The not-so-mighty Quinn
Isn't is strange how political pundits say that New York City Council Speaker Christine Quinn has to "distance" herself from Mayor Michael Bloomberg, as opposed to saying that Speaker Quinn needs to "return to her roots" ?
From The New York Daily News : The City Council speaker is ahead in the polls, but she needs distance from Mayor Bloomberg if she wants to occupy City Hall
It didn’t take a political mastermind to know Mayor Bloomberg’s one-man “Hillary for Mayor” crusade would never amount to anything. If you had a leading shot at the presidency, would you ditch it to hit the Brooklyn political clubhouse circuit for nine months, for the honor of maybe debating Joe Lhota in October?
Yet as ill-fated as his failed recruitment of Secretary of State Clinton may have been, Hizzoner's gambit was notable for its momentary snub to his loyal ally and wanna-be mayor, City Council Speaker Christine Quinn.
Indeed, sensing that his leaked entreaty to Clinton might damage the bid of his favorite city official not named Ray Kelly, Bloomberg hastily reaffirmed his respect for the Speaker the day the story broke, telling reporters, “This woman has made an enormous difference in this city ... If you want to start a fight between me and Chris Quinn, you’re not going to do it.”
A fight or not, the episode put front and center the political relationship between Bloomberg and Quinn, and highlighted the complicated role the departing three-term mayor will have on the race to succeed him. Specifically, while his support would help Quinn’s candidacy in many ways — particularly, in a general election — it could ultimately stop her from getting there.
This is a reality with which the onetime housing activist must reckon — freeing herself to articulate an independent vision for New Yorkers without constant fear of crossing him.
If early surveys are to be believed, the Speaker enters the race as the clear front-runner in the primary, with a recent Quinnipiac poll showing her leading the Democratic pack by more than 20 points. Clearly, she starts the race as the candidate to beat.
In addition to the historic nature of her candidacy as potentially the city’s first female and gay mayor, much of the Speaker’s early lead — for now — owes to the trappings that come from a mutual arrangement with the man whose job she covets.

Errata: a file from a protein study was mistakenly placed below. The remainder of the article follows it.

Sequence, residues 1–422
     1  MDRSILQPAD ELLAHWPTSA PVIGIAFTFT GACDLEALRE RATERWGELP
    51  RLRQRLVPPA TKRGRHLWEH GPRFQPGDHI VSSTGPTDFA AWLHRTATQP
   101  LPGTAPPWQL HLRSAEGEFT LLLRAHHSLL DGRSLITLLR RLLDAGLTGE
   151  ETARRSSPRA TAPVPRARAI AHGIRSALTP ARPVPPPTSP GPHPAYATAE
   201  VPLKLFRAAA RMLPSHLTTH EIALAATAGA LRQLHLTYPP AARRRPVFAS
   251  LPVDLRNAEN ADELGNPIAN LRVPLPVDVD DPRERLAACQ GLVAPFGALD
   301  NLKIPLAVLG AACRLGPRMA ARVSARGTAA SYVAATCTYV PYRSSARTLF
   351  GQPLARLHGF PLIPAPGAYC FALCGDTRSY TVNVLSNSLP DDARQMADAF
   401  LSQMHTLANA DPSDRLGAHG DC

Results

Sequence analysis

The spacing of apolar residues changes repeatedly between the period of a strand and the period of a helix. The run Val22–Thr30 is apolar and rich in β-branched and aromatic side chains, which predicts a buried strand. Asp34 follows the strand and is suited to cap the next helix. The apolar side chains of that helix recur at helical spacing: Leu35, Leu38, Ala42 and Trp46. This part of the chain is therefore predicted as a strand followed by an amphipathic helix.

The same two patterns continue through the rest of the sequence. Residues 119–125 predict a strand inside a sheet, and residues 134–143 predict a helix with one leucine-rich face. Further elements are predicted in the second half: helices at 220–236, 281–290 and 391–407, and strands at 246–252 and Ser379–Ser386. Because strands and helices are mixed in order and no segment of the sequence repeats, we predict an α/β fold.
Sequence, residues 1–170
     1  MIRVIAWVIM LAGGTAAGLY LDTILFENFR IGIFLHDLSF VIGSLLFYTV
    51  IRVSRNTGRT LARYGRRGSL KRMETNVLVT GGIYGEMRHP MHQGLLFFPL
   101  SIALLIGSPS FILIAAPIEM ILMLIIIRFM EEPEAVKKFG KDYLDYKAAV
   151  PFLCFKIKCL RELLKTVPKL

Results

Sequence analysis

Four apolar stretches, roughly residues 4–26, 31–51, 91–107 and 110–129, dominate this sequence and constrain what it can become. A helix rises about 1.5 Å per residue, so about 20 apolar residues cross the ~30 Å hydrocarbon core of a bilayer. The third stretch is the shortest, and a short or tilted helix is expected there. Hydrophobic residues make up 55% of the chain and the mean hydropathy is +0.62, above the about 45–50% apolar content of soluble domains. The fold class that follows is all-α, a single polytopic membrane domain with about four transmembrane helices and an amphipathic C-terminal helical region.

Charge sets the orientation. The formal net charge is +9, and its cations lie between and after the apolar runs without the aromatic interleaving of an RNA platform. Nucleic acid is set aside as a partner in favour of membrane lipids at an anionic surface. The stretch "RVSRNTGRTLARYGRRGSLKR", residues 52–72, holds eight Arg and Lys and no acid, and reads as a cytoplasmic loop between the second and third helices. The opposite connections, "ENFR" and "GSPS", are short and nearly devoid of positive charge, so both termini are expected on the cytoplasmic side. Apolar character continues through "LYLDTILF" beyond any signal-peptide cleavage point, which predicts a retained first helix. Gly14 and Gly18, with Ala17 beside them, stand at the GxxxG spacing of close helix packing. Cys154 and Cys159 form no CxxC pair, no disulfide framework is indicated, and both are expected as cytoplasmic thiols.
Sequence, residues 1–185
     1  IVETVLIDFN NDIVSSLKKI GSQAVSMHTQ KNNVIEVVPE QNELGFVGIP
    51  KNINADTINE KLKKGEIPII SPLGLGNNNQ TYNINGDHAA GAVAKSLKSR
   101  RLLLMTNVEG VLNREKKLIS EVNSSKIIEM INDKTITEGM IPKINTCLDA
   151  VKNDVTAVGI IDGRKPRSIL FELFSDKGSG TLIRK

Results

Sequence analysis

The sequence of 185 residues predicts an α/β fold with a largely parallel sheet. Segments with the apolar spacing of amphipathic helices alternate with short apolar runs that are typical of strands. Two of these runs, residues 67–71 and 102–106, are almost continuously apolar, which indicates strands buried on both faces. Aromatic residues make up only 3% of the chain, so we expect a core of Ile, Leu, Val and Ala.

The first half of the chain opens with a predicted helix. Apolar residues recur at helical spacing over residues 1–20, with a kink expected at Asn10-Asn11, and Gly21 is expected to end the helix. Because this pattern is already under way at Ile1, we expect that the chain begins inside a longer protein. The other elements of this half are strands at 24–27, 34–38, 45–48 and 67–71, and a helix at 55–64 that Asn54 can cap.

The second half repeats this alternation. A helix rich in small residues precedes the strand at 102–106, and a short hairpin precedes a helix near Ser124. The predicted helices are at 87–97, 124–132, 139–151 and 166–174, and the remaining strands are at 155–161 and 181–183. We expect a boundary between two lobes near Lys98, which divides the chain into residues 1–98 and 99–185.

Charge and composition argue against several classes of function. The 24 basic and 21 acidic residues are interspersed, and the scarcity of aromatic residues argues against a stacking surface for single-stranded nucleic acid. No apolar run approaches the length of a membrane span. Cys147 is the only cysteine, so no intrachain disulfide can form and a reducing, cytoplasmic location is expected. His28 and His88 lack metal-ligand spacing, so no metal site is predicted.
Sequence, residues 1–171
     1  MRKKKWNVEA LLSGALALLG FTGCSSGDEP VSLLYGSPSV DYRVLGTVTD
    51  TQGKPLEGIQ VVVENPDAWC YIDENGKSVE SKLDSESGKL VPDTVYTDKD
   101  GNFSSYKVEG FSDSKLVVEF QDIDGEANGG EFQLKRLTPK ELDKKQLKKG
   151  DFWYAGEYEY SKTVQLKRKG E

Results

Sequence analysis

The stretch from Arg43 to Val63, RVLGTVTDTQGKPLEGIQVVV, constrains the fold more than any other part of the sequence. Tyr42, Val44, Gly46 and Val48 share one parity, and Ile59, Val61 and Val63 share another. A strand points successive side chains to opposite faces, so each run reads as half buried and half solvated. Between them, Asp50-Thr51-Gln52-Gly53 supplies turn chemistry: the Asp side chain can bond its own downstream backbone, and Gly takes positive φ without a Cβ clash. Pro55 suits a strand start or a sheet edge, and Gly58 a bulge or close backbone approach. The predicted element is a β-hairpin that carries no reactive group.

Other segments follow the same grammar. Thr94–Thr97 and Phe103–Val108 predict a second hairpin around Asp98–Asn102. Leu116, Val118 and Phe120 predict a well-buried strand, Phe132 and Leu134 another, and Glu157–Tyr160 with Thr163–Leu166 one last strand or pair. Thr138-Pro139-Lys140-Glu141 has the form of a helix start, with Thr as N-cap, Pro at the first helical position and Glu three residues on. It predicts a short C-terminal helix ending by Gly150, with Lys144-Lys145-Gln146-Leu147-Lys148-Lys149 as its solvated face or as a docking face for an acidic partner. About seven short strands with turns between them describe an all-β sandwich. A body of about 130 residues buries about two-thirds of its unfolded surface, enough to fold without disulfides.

Rather than serve as a counterpoint to Bloomberg’s agenda, Quinn has largely used the speakership as a partnership with City Hall — something she and the mayor depict as effective governance, and which her opponents will relentlessly attempt to paint as a lack of independence and commitment to progressive principles.
Most famously, when the mayor sought to overturn a public vote and suspend term limits so he could stay in office, Quinn reversed her vocal opposition and led the Council to pass it. And when the mayor opposed a paid sick leave bill that could help working New Yorkers better care for their children, the former activist blocked it from coming to a vote — even as it was supported by more than 80% of New Yorkers and the vast majority of the City Council.
In return for her loyalty, Quinn has reaped some benefits from the still-potent third-termer.
She has inherited much of his political apparatus, including some of the most skilled operatives in the city. And she gets equal billing in many mayoral announcements — whether it’s sharing headlines in press releases or getting to stand with the mayor during press conferences.
And Bloomberg, for all his warts, still has a sizable number of Democrats who like him. According to another recent Quinnipiac poll (possibly inflated because it was conducted post-Sandy, when most elected officials got boosts), 6 of 10 Democrats approved of the mayor’s performance.
Two subgroups of the Bloomberg Democratic base are moderate voters in boroughs like Queens and Staten Island, and those who might identify as the “pro-business” community.
The former is a key swath of voters who may well view an alliance with Bloomberg as an appealing attribute in Quinn. The latter may be a smaller voting bloc, but is useful for locking down elite opinion and reaping their financial, political and media support. And while New York’s diverse labor community might split its loyalties between different candidates (i.e., Bill Thompson, Public Advocate Bill de Blasio, Controller John Liu and Quinn herself), Quinn’s supporters believe the Bloomberg Democrats will tend to be more united.
For all these strengths the friendship brings, however, come a seemingly endless track of hurdles that threaten to obstruct Quinn’s path to November.
From a messaging standpoint, her role as Bloomberg’s partner will be castigated by opponents as something very different: an enabler more akin to a deputy mayor than a needed check on a famously imperial chief executive. At a time when progressive leadership was needed to curb a business-minded mayor’s ambitions, her opponents will argue, Christine Quinn was instead a rubber stamp.